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NCAA Football Rules Oversight Panel Takes a Pass on the 10 Second Rule

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Imagine you watching a tennis match and Player A hits a shot deep down the line. Player B makes a mad dash to reach it but he cannot and crashes into the fence. He is not hurt but as he brushes himself off and heads back to the baseline, he is surprised to see that his opponent is already in motion to serve. 30-Love.

At a baseball game, the first batter of the game grounds the first pitch right to the first baseman who touches the bag for the first out. He returns the ball to the pitcher who in turn toes the rubber and fires a ball down the middle before the second batter can even step out of the on-deck circle. Strike one!

What would it be like if in a basketball game, teams can come back from a timeout whenever they want and inbound the ball? How about a boxing match where a guy can just start punching whenever?

Now imagine being at a football game when a team can line up and snap the ball - even pushing the ref out of the way - before the defense is set. You don't need to imagine this one. This is the scheme they call the Hurry-Up No-Huddle offense (HUNH).

In a way, the HUNH could be perceived as bad sportsmanship, something the NCAA is supposed to be all about. Dare I call it... cheating? It would be in tennis, boxing, baseball or most any other sport.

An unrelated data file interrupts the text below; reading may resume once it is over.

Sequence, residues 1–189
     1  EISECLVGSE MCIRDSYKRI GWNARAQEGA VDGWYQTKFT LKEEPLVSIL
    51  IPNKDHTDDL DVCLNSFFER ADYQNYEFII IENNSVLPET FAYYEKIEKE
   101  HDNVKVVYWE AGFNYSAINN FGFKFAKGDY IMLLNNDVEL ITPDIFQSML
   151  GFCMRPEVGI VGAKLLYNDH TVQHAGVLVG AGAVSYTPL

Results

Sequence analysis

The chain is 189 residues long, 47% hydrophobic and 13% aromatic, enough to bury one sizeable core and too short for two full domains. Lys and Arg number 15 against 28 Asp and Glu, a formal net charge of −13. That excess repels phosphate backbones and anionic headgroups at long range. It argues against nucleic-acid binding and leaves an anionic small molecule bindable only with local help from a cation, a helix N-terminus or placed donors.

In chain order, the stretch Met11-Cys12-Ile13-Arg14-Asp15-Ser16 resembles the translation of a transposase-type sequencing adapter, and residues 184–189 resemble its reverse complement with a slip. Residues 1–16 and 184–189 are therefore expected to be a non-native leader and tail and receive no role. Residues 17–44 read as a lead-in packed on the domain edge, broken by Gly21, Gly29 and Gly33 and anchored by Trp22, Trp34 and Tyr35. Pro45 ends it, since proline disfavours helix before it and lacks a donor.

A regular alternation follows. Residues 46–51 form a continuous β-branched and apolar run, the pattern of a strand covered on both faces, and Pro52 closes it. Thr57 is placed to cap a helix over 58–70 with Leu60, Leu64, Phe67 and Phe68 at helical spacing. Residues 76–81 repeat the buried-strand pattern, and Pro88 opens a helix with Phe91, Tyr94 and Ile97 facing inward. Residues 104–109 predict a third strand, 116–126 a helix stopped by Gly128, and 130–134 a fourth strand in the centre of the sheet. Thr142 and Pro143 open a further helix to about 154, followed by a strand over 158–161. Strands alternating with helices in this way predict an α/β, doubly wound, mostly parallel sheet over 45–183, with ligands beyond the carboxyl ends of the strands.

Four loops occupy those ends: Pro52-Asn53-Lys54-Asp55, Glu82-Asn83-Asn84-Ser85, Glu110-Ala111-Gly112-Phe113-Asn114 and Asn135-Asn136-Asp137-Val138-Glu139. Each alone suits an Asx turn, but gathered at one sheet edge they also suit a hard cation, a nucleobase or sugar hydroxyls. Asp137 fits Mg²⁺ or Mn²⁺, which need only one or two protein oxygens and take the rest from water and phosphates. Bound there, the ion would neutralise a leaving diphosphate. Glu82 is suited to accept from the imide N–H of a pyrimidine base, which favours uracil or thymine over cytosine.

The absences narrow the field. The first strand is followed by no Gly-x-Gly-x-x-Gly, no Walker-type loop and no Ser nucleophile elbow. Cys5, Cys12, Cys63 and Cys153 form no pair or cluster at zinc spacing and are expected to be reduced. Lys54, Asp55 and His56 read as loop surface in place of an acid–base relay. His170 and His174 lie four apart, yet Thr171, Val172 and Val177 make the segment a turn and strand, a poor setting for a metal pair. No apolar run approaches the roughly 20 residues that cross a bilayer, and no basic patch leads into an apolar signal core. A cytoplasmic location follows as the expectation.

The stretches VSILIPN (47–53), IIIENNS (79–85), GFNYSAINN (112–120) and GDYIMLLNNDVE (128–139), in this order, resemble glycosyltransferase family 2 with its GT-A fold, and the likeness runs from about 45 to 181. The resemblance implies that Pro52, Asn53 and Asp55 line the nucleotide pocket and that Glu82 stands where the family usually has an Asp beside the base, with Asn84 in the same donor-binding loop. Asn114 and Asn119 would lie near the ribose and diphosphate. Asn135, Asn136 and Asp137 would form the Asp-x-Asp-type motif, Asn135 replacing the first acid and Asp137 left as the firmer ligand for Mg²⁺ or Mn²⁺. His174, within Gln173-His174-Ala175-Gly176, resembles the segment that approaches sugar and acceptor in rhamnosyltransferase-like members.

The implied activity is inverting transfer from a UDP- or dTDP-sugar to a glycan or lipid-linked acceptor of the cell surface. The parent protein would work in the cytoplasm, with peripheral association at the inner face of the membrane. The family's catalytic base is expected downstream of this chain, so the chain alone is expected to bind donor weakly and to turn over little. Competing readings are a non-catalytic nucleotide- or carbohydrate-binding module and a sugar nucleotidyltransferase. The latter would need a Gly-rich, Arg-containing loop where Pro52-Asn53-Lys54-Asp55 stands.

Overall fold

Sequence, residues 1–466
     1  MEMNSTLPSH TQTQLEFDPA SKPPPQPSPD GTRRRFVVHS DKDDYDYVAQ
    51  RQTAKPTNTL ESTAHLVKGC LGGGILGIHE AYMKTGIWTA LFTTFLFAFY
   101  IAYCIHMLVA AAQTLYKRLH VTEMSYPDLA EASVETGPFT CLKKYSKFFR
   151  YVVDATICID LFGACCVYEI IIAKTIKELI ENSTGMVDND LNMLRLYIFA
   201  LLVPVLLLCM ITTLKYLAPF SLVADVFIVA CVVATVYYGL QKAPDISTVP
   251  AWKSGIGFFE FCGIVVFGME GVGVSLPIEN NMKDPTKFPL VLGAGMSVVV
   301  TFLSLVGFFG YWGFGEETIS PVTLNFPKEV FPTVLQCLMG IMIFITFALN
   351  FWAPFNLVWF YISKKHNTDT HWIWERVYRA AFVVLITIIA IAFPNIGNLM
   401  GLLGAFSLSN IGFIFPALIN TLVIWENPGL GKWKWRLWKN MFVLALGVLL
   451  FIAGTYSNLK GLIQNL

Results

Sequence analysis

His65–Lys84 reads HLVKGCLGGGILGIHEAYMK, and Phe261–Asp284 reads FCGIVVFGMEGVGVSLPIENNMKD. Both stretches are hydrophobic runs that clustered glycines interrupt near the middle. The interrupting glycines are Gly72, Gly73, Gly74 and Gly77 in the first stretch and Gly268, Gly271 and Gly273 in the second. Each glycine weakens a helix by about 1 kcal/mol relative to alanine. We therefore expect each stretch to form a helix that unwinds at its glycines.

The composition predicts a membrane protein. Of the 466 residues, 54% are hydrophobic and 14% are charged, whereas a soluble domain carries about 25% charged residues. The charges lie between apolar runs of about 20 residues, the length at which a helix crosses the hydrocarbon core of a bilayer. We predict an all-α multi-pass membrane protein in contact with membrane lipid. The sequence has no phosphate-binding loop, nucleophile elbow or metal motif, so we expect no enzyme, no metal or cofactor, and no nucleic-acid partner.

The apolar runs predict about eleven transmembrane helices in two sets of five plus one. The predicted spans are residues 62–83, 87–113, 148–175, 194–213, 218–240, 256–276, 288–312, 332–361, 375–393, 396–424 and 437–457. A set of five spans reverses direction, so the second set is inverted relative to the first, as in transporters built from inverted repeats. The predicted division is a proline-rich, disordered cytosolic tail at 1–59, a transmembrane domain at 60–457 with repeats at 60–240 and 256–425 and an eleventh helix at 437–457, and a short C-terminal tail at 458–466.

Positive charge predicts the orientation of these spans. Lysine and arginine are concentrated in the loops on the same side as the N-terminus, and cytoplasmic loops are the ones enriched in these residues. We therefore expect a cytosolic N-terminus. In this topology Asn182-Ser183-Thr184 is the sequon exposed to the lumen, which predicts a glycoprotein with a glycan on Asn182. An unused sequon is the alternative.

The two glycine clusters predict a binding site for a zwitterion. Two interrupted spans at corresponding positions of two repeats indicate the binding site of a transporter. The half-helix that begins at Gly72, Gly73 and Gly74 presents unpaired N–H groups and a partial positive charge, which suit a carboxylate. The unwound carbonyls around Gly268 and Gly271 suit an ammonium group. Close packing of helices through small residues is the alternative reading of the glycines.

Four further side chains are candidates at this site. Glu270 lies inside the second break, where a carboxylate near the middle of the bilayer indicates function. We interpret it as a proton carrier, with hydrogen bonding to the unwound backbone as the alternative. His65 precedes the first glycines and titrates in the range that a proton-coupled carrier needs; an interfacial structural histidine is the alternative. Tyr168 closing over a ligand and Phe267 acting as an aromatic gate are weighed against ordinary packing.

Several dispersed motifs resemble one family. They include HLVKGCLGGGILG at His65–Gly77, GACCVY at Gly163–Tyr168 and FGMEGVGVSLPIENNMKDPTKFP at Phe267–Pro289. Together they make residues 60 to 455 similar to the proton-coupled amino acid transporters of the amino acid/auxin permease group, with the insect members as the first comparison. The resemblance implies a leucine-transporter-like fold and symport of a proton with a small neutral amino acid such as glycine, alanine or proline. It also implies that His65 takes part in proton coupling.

The NCAA football rules committee met in February and did not even address last year's offseason proposal of a 10-second delay before the ball is snapped. Because the NCAA has a ridiculous policy of voting on rules that are deemed "non-safety related" every other year, this proposition cannot even be addressed again until after the 2016 season. Even then, there is no guarantee of the topic even being recognized.

More great wisdom was disgorged from the NCAA this past week when the NCAA Playing Rules Oversight Panel voted against a rule that would have adjusted the ineligible receiver downfield rule from 3 yards to 1 yard. Their logic was that even though an NCAA survey showed that 57 percent of FBS head coaches supported the proposed change, only 65 of 120 schools took part in the survey and there is a need for more discussion.

Basically, since nobody got off their backside for the past three weeks since the rules committee met and did a little research, we have to tolerate two more seasons of this absurdity. 15 more votes would've been 67%. How hard is it for some intern at the NCAA to pick up the phone and start calling programs until they get a better percentage?

It is indecisiveness like this that is supplying the bricks for a foundation of a breakaway football division for the Power 5.

Personally, I have always been a fan of the mano a mano, see if your guy can beat my guy, hard-hitting three yards and a cloud of dust style of football. Trickeration has it's place but not when the entire offense is based on it.